My son is pretty crafty. There are some days when he just knows how to ask only questions to which the answers will be no.

Can we watch another Wild Kratts? No, you've had enough TV today.

Can we have gum? No, you've had enough. (And the last piece you chewed wound up ground into the carpet.)

Can I do computer time? No, we're about to eat dinner.

Can you get my tracks down from the attic? No, we're going to eat dinner in 10 minutes. (And I have chicken juice all over my hands and a whining 2 year old cornering me in the kitchen.) 

Can I? Can I? Can I?  (I probably should correct him and say, "May I?" or "I don't know, can you?")

I feel the most panicked and overwhelmed between 4 and 6 pm every single day. And he knows it.

It's the last two hours before Daddy gets home. I have one more kid than I do all day. I have to get dinner together or wrapped up and simultaneously deny food to ravenous children so they'll eat that dinner.

Friday afternoon was no different. His father wouldn't be home until after dinner. The younger kids were happy to be kicked out into the backyard. Not Danny. His mission was to pester me until he got a yes.

And then I served up the no that made the 5 year old snap. Danny Boy didn't just snap, though; he went bat shit crazy on me.

I gave him choices: Go outside to play or play in the playroom. 

No deal. He began to scold me for daring to tell him no.

I told him: That is inappropriate. I will not talk to you when you are disrespectful. Go to your room. 
No deal. He plopped himself atop the trash can, gritted his teeth, and clenched his fists, frantically looking for some object to take out his anger on.

A freshly picked green pepper was within his reach. So he crushed it. (Insert confused, bemused look here.)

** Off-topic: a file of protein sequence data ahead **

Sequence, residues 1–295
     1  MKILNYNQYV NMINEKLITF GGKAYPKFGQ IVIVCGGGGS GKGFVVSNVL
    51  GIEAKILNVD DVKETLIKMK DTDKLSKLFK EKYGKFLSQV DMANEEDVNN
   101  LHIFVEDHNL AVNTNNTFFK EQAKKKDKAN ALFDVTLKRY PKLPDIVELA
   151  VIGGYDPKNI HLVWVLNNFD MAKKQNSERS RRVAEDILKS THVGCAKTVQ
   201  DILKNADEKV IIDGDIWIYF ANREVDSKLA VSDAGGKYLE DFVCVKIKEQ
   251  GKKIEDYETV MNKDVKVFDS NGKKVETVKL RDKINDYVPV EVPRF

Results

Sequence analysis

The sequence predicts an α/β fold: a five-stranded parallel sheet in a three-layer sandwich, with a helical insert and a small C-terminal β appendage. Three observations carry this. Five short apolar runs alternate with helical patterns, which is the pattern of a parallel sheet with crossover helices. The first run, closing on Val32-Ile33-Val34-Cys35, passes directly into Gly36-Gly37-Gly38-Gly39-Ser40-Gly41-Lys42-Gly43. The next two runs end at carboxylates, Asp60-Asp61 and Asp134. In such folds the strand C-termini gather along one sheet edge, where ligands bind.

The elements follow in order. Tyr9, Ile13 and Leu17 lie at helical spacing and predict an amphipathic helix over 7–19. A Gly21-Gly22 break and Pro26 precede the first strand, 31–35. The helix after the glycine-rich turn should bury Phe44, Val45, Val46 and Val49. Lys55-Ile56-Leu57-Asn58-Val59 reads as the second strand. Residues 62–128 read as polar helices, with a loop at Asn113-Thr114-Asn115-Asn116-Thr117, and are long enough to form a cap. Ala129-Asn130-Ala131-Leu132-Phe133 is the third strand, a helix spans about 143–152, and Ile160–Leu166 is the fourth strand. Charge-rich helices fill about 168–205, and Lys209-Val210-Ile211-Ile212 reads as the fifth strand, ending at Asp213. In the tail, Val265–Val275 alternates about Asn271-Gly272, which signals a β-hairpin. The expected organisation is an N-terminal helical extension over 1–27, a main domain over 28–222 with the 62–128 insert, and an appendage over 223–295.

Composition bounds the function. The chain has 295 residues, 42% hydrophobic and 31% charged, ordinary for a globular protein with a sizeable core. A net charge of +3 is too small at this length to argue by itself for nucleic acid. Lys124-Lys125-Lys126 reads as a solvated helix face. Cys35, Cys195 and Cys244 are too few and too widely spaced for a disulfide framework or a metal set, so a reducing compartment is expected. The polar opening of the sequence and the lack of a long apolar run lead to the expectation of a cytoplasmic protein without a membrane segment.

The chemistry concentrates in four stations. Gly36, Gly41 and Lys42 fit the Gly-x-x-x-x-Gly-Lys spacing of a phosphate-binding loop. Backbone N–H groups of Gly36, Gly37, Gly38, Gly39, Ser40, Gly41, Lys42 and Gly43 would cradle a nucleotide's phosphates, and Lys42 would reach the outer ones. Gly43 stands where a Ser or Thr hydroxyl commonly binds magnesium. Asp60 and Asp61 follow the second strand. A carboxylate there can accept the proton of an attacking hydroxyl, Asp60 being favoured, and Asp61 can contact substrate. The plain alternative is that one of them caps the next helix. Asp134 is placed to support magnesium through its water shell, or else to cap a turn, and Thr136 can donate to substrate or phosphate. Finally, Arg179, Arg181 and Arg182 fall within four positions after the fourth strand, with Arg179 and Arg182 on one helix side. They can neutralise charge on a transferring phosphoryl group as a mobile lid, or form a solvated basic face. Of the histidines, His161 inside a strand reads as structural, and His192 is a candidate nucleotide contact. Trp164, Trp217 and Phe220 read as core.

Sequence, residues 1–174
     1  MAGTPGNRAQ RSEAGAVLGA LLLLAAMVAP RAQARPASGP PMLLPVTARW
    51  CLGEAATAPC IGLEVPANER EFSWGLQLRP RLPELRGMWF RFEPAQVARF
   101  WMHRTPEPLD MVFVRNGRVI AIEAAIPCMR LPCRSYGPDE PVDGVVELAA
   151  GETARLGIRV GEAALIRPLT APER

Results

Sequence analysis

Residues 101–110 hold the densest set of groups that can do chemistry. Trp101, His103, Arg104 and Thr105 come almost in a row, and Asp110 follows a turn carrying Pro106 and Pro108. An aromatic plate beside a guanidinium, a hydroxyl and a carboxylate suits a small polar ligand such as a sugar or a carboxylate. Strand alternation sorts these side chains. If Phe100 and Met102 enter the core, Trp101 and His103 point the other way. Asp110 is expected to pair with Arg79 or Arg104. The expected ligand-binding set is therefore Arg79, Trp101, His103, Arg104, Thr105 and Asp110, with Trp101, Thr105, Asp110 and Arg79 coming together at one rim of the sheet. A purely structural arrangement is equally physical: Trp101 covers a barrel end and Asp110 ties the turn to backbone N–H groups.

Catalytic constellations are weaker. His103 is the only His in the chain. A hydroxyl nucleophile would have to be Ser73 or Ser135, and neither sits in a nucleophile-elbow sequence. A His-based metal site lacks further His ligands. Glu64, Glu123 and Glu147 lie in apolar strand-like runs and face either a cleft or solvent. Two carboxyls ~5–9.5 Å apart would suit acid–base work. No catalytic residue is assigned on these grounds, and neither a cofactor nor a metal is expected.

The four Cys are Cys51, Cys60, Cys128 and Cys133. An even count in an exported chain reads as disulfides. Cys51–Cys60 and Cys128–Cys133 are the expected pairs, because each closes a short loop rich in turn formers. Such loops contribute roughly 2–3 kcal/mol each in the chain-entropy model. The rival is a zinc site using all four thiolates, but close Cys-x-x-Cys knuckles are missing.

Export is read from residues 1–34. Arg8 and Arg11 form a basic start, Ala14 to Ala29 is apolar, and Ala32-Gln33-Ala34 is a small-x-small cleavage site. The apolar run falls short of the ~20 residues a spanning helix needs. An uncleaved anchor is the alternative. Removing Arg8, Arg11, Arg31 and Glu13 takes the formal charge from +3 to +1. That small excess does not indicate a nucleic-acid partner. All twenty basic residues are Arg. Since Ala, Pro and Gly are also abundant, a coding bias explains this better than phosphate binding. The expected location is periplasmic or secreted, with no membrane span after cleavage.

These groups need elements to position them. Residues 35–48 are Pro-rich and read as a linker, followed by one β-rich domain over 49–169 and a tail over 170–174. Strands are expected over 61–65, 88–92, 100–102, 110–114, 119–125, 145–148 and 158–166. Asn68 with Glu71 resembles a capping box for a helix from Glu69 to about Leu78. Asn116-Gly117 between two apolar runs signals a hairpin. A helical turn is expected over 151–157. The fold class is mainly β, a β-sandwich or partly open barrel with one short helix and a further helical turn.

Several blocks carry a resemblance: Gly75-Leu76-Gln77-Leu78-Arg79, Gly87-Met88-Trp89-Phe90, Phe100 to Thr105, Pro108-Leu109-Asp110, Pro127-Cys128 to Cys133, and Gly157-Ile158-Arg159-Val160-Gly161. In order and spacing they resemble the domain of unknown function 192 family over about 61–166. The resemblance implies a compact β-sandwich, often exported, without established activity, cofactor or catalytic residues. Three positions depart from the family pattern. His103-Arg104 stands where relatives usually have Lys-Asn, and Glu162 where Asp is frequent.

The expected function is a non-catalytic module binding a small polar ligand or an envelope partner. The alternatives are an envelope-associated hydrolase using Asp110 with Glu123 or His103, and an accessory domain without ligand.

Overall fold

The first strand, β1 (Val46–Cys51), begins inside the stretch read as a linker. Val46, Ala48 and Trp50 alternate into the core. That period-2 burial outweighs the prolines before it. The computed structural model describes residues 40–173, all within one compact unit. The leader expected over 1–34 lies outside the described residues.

I repeated my request. Several times. Calmly. He repeated his refusal. Several times. Loudly.

I asked if he needed me to carry him up.

NO. I don't want to go upstairs.

Oooookay. I proceeded to pick him up off the trash can. He started grabbing onto whatever he could.

Then he ran from me into the dining room. I decided to go through the hall to meet him there. He poked his head into the hall, saw me and ran the other way.

I went to the kitchen door, he poked his head in, saw me and ran. We repeated this dance a few times.

Did I mention he was screaming, "I don't want to" at the top of his lungs the entire time?

(Now let me just point out right here that the parents who say things like "My child knows better than to do that" or "I would not tolerate that" really have no idea what this kind of intensity is like. My inability to shut him down immediately does not mean that I tolerate the tantrums. My child somehow does not know better and that is not my fault.)

At this point, panic sets in. My thoughts race.

Is this really happening? I can't chase him. Hell, I can't catch him. Oh my God, I can't catch him. OH MY GOD, I can't lose this battle. I bet so-and-so's kid would never do this to his mother. I wish I had a tranquilizer dart gun. (Seriously, this thought crossed my mind.)

After thanking Lucy (the crazy lady in my head) for her input, I told her to sit down and that I would be handling this. And instead of seeing that white hot flame of anger in my head, this time, I saw something different. I saw what was actually happening. It was utterly ridiculous. I laughed as quietly as I could and found some non-crazy thoughts roaming around my head. That's when I spied his beloved Hot Wheels loop track.

I reached for the track and began to talk calmly over his screams.

"Here's what's going to happen. I'm going to take your car loop and your pillow pet and put them back in the treasure chest until you can control yourself," I told him.

Well, that certainly got his attention. Or at least it got him to the stairs where I calmly repeated the go-to-your-room mantra and he screamed his I-don't-want-to mantra some more.

Another impasse. Great. Thank God the other two play so well together. At this point, I had no idea where they were. (My guess was the backyard since I heard running water from the spigot.)

I had no idea how to get him up the stairs as he was now clinging to and hanging from the railing. So I just started walking. He followed but continued to dig in his heels, refusing to go to his room. At least he'd stopped screaming at this point.

I stepped into his room, took a good look around and said, "What else do you want to lose today?"

I reached for Dennis the monkey. He freaked and ran into his room. Finally.

After about 20 minutes of screaming and wall kicking, he came to the top of the stairs and asked if he could come down. I told him, "Only if you can tell why you're up there."